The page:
0-0.8, preferably 0.1-0.6, gram equivalent of components (e).

For the preparation of the polyurethane, the components (a) to (e) in a low-boiling, water-miscible organic solvent can be reacted in a known manner, as also described, for example, in DE-A-34 37 918.

Examples of preferred solvents are tetrahydrofuran, methyl ethyl ketone, N-methylpyrrolidone and in particular acetone.

The reaction temperature is preferably from 50 to 100 C.

Conventional and known catalysts, such as dibutylin dilaurate, tin(II) octoate or 1,4-diazabicyclo[2.2.2]octane, may be present for accelerating the reaction of the diisocyanates.

The polyurethane obtained is then dispersed in water and the organic solvent is removed to the required extent, in general completely, by distillation.

The polyurethane can also be prepared by first preparing a polyurethane prepolymer in the low-boiling water-miscible organic solvent. In particular, at least the components (a) and (b) and parts of c) are reacted with one another for this purpose. The polyurethane prepolymer obtained is then dispersed in water. The further reaction with other components can then be carried out. The organic solvent can then be removed, as described above.

The novel dispersion furthermore contains from 3.0 to 50, in particular from 5.0 to 35, very particularly preferably from 5 to 30, % by weight of a phenol/formaldehyde condensation resin or of an epoxy resin B). The former is preferred.

The phenol/formaldehyde condensation resin is in particular one having a weight average molecular weight (Mw) of from 500 to 2,000 and a softening temperature (determined according to DIN 53,736) of from 80 to 130 C.

The phenol/formaldehyde condensation resins are particularly preferably novolaks, as obtainable by acid-catalyzed reaction of phenols, in particular phenol, with formaldehyde. In particular, from 1.05 to 1.3 mol of phenols are used per mol of formaldehyde.

Epoxy resins, preferably reaction products of epoxides, e.g., epichlorohydrin, with bisphenol A, are also particularly suitable; those having weight average molecular weights (Mw) of from 500 to 5,000 and softening temperatures of from 80 to 130 C. are preferred.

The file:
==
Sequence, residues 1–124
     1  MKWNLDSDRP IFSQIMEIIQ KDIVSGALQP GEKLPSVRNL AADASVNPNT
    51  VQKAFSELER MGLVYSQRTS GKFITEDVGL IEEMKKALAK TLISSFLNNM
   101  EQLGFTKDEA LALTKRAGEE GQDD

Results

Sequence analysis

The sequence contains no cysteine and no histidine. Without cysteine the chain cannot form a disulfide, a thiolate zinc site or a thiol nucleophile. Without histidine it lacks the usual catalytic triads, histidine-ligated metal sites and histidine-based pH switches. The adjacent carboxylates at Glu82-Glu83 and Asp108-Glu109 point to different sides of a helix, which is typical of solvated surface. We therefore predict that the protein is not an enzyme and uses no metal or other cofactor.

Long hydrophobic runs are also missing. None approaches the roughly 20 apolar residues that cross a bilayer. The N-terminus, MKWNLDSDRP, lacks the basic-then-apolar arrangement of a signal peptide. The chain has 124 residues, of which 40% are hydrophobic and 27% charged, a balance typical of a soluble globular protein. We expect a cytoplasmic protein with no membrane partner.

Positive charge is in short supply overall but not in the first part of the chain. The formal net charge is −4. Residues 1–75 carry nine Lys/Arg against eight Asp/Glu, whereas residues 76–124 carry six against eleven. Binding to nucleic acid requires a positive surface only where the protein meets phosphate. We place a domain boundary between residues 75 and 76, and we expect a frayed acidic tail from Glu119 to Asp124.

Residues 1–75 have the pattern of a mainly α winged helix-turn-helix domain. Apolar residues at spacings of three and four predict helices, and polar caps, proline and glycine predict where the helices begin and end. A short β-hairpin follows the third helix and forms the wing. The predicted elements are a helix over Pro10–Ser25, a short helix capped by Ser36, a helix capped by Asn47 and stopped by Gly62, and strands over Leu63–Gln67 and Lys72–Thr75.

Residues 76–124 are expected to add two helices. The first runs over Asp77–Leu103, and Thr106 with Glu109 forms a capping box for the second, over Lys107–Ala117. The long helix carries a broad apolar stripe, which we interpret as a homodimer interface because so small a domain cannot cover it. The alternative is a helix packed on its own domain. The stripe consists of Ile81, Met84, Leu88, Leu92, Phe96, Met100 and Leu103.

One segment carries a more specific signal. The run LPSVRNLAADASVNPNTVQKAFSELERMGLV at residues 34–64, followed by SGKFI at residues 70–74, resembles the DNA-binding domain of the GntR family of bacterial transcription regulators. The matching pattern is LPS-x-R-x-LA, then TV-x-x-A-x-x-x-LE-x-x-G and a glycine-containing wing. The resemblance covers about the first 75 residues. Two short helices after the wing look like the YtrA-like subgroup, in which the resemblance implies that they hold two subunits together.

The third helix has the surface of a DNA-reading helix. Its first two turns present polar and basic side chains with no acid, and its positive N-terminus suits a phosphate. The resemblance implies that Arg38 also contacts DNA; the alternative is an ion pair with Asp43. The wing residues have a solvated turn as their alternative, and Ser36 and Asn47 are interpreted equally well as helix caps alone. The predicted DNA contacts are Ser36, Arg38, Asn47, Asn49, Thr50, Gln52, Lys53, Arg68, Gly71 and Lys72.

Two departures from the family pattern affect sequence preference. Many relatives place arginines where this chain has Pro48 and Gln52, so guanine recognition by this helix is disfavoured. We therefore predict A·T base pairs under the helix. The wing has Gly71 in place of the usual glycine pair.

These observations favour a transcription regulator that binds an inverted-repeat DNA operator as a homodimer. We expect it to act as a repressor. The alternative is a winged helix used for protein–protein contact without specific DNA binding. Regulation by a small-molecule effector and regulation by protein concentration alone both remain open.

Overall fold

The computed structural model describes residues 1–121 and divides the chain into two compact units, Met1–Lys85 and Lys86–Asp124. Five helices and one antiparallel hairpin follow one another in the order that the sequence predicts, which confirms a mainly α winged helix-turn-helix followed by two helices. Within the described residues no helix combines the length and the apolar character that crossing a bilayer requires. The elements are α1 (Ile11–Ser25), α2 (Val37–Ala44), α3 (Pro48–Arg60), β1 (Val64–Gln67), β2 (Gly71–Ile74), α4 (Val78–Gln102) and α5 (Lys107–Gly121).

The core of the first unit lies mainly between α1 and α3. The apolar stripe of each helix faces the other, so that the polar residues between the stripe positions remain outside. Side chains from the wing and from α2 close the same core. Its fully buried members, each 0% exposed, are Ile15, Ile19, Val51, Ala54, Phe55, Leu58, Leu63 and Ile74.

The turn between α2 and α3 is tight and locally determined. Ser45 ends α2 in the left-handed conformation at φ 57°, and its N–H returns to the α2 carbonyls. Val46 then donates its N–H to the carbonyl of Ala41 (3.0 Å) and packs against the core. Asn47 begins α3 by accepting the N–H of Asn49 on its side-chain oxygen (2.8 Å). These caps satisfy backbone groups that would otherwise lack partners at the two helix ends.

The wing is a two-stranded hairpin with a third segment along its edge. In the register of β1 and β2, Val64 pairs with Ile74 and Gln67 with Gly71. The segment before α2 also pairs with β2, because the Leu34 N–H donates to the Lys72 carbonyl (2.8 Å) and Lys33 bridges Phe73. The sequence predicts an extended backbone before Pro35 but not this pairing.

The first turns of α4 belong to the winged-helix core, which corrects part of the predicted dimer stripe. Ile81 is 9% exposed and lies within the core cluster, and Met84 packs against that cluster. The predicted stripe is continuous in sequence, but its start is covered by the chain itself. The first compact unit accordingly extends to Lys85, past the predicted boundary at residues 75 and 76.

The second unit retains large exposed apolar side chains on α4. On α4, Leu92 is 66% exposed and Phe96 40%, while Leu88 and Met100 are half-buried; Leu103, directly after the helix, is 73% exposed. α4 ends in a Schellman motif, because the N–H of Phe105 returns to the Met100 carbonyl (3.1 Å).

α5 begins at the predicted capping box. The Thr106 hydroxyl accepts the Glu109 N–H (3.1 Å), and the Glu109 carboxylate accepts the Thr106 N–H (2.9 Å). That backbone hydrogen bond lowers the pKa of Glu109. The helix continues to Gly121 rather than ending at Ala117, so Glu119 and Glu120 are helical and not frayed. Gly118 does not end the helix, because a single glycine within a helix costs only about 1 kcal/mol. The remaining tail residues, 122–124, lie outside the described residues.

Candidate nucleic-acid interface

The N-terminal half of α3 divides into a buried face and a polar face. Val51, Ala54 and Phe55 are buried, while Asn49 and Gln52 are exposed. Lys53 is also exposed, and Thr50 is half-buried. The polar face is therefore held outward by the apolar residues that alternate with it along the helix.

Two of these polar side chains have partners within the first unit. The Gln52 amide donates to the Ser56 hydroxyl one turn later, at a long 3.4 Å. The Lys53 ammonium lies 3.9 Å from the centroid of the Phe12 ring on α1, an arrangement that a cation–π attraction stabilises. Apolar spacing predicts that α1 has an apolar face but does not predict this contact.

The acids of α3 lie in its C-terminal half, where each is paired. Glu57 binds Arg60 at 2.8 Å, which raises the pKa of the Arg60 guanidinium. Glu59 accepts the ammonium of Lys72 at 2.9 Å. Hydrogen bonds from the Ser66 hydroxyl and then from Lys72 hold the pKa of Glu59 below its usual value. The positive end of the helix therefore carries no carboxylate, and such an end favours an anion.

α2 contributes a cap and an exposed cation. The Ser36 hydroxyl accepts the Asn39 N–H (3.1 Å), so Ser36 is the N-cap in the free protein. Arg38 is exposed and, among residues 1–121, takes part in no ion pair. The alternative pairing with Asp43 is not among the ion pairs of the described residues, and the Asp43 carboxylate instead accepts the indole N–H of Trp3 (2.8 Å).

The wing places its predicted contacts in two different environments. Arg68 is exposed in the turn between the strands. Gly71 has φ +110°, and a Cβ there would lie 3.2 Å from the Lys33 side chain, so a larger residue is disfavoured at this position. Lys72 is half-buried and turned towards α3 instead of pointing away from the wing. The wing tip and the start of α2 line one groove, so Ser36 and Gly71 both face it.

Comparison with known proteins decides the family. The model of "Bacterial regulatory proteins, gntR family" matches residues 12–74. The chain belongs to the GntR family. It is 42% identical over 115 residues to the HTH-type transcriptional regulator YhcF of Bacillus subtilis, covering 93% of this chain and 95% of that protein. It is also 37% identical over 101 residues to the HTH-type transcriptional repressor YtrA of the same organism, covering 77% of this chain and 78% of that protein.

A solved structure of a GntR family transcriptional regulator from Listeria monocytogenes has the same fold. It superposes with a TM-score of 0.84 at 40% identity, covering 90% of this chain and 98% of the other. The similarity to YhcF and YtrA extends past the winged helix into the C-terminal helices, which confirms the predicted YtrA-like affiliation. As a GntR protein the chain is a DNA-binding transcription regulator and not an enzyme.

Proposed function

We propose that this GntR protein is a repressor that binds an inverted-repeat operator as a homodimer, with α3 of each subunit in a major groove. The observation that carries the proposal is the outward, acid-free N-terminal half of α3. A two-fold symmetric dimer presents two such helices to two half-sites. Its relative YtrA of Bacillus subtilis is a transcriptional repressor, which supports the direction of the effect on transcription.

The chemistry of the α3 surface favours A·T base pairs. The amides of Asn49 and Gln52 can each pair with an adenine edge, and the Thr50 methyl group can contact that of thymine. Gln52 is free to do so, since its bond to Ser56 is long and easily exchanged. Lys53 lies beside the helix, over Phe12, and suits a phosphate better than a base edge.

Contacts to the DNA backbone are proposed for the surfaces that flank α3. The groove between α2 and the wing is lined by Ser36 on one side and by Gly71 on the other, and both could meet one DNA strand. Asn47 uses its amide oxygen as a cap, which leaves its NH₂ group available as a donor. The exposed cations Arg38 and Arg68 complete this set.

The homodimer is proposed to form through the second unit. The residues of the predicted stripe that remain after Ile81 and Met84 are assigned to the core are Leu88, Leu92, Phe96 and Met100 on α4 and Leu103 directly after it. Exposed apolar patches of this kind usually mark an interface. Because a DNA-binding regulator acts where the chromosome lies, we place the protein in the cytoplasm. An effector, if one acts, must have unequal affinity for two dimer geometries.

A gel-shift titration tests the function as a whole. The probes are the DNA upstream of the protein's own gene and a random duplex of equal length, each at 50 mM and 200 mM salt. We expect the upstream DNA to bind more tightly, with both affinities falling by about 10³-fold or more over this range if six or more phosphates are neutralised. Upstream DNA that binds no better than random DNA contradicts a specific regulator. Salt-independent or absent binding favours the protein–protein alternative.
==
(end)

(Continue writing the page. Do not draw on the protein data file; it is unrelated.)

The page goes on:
The aqueous dispersion contains, as component C), from 0.05 to 5.0, preferably from 0.2 to 3.0, particularly preferably from 1 to 2, % by weight of at least one inorganic compound which is sparingly soluble in water and has a solubility of less than 1.0, preferably less than 0.5, g/l of solution at 20 C. in water. Preferably, however, the solubility should be greater than 0.1 mg/l of solution at 20 C.

Suitable inorganic compounds are the sulfides, arsenides, tellurides, selenides, sulfo salts, oxides, hydroxides, carbonates, phosphates, molybdates, sulfates, borates, halides, stannates and silicates of the metals of main groups II-V and of the transition elements. Particularly preferred here are the metal oxides, in particular of divalent metals, for example zinc oxide and particularly preferably magnesium oxide. The corresponding metal salts of the organic carboxylic, sulfonic and phosphonic acids, in particular the alkaline earth metal salts of oxalic acid, may also be used, calcium oxalate being particularly preferred.

The compounds should advantageously be present in a finely divided form having a median particle diameter (d50 value, weight average) of from 500 μm to 50 nm, preferably from 250 μm to 50 nm.

The solids content of the novel dispersions is preferably from 10 to 70, particularly preferably from 20 to 50, % by weight.

The novel dispersion can be prepared, for example, by mixing an aqueous polyurethane dispersion, or an aqueous dispersion or solution of a phenol/formaldehyde condensation resin or of an epoxy resin and of the inorganic salt. If necessary, emulsifiers and dispersants may be added.

The inorganic compounds may be added, for example in solid form, in principle at any time before, during or after the preparation of the polyurethane dispersion. However, the embodiment in which they are added in the form of an aqueous suspension which contains 5-30% by weight of solids to the prepared polyurethane dispersion is preferred. In particular, the inorganic compound can be added in the form of a dispersion. It is prepared by emulsifying the salt in water using high shearing forces and in the presence of an emulsifier, for example polyacrylic acids having a molecular weight (Mn) of 100-4,000 or the Na salts thereof, maleic anhydride/methyl vinyl ether copolymers having an Mn of 10,000-70,000 or maleic acid/olefin copolymers having an Mn of 8,000-12,000 or the Na salts thereof.

The polyurethane dispersions are preferably prepared by a method in which the phenol/formaldehyde resin or epoxy resin is added to the polyurethane dispersion or to the dispersion of a polyurethane prepolymer prior to dispersing in water. In the case of the prepolymer, the further reaction to give the polyurethane is then carried out in water. This gives stable aqueous dispersions in which the added phenol/formaldehyde condensation resin or epoxy resin is present, presumably in the interior of the dispersion particles, and is surrounded by a stabilizing polyurethane layer. This method of preparation is described, for example, in DE-A-39 03 538.